King David is the only person Scripture describes as being "a man after [God's] own heart" (1 Samuel 13:14). This is mystifying, really, because we know David's story: he committed adultery with Bathsheba, got her husband drunk, killed him off, and did a lot of other things against the Lord.

Yet God said of him, "He's a man after My own heart." This doesn't mean David was perfect, because he obviously wasn't. But another way to translate that phrase would be "a man after God's own mind" or "a man to fulfill God's purposes." It was as if God was saying, "I know David's sin, but I see him with the potential to be something other than that."

This is most evident when you compare the books of 1 Chronicles and 2 Samuel, which both document parts of David's life. You'll find similarities between the two, but you'll also find differences. For instance, in 1 Chronicles, you read nothing about David's decade-long struggle with Saul. You read nothing of his sin with Bathsheba. And you read nothing about his son Absalom's rebellion.

Why is that? It's not to trick you, but for the sake of the audience to whom the author, Ezra, was writing—the post-captivity Jews who had returned to Jerusalem. Ezra wanted to write something that would encourage them to press on into the future, not be mortified because of the bad stuff that happened in the past. "Yes, you've had dark days," he would say, "but you have a bright future. God wants to do something with this nation."

Also keep in mind that 1 Chronicles is a divine editorial; the Holy Spirit is the divine author. This tells us that while history is one thing, His story is quite another. God can take your history and weave it into His story so that no matter how dark your past is, your future can be bright when He's in control of your life.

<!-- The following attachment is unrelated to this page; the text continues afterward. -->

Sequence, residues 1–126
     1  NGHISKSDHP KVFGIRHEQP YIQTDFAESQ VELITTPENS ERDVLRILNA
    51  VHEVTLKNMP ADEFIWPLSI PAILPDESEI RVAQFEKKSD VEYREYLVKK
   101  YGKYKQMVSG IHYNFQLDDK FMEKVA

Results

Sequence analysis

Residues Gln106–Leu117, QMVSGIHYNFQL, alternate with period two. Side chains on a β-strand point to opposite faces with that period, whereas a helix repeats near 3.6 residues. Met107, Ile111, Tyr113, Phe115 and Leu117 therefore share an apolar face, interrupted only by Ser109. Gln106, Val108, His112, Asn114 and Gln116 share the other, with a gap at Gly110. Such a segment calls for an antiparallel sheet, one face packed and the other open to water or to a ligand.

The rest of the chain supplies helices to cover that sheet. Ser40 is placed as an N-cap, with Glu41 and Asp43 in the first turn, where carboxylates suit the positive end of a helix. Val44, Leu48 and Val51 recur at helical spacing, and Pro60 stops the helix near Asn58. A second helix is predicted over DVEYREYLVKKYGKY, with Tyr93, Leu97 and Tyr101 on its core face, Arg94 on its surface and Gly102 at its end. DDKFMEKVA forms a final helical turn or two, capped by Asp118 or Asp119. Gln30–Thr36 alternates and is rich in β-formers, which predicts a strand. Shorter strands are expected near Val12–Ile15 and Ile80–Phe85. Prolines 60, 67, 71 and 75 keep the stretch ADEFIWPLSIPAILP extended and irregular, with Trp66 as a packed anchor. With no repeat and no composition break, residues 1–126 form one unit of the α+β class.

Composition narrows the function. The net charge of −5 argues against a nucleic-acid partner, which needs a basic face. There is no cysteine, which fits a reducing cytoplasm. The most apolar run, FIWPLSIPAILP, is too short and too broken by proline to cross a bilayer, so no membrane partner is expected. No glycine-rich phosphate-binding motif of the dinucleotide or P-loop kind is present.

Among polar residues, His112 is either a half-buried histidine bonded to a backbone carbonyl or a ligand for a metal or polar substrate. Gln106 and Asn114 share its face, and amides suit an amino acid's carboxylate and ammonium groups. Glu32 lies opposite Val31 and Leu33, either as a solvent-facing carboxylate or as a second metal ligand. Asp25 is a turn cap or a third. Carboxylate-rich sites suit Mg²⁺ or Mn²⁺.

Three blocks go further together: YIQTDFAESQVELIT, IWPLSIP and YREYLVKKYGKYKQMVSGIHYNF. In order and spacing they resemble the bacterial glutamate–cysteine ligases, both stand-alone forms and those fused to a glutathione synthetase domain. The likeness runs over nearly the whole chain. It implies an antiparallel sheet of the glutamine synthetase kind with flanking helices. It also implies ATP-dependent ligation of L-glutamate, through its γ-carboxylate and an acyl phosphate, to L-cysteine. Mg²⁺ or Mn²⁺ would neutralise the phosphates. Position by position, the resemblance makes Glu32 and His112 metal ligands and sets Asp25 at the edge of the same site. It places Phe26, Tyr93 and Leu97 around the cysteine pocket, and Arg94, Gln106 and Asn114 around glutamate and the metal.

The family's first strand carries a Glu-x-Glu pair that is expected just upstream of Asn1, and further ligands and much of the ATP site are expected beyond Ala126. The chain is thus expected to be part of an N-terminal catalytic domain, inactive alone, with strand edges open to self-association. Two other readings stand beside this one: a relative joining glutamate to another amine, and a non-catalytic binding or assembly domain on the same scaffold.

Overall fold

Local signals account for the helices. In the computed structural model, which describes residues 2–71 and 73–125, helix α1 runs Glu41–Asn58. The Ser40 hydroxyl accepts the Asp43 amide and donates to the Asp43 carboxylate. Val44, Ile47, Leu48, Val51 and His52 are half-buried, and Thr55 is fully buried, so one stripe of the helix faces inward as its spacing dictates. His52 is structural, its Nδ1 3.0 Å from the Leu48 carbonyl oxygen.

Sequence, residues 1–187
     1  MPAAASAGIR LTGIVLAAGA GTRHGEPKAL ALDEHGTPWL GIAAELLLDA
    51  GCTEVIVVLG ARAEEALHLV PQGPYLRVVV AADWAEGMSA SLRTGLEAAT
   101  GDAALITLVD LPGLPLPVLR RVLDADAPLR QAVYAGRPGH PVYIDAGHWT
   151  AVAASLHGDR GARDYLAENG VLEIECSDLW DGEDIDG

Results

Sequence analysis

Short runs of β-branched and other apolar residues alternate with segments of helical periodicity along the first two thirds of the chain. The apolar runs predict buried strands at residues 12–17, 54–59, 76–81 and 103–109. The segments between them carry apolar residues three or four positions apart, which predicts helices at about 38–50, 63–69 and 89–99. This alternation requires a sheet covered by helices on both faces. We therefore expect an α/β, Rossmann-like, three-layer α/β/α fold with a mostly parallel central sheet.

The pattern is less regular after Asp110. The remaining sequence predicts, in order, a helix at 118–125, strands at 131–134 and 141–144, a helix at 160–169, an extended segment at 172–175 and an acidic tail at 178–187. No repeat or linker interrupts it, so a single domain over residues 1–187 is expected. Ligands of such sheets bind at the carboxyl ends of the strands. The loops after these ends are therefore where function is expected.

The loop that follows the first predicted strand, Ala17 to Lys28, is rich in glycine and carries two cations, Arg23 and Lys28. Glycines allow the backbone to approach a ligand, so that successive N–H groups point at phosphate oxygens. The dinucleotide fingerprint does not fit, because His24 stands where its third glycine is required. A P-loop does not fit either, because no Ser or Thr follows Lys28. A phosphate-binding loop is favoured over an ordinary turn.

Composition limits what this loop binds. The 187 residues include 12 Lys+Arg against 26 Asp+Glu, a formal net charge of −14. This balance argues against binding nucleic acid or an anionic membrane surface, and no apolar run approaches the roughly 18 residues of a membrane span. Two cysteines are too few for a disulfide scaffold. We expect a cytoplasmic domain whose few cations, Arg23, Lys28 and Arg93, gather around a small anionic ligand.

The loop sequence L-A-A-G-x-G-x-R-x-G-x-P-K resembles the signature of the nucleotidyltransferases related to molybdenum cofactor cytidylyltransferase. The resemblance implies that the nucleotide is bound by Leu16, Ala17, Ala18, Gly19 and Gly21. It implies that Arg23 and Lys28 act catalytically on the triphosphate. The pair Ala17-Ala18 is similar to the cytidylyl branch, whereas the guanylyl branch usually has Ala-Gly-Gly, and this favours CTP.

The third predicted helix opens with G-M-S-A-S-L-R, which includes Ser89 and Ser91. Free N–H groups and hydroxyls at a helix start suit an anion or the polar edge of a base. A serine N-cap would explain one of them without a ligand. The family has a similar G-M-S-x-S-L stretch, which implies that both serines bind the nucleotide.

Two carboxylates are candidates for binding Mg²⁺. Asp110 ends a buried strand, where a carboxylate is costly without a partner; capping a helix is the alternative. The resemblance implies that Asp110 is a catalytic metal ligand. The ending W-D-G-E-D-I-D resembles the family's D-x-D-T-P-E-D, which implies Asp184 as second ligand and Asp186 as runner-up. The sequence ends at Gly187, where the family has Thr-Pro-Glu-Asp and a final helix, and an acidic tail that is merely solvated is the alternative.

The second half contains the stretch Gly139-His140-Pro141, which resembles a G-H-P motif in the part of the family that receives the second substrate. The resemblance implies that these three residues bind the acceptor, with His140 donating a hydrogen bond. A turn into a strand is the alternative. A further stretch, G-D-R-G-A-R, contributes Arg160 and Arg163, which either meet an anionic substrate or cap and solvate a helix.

Think about the potential of that phrase—a man or a woman to fulfill God's purposes—in terms of your own life. Think of what God can do through you, a man or woman sold out to Him, no matter what your past is. Now, does that mean you'll be perfect? No. Will you be filled with flaws? Yes. But will you be a person of potential and influence whose heart is set on the things of the Lord? Yes—a man or woman after God's own heart.

God isn't like man. He doesn't see like man sees. "Man looks at the outward appearance, but the Lord looks at the heart" (1 Samuel 16:7). God looked at David—even with all his flaws—saw his potential, and chose him. Let that great truth encourage you today in your walk with the Lord.

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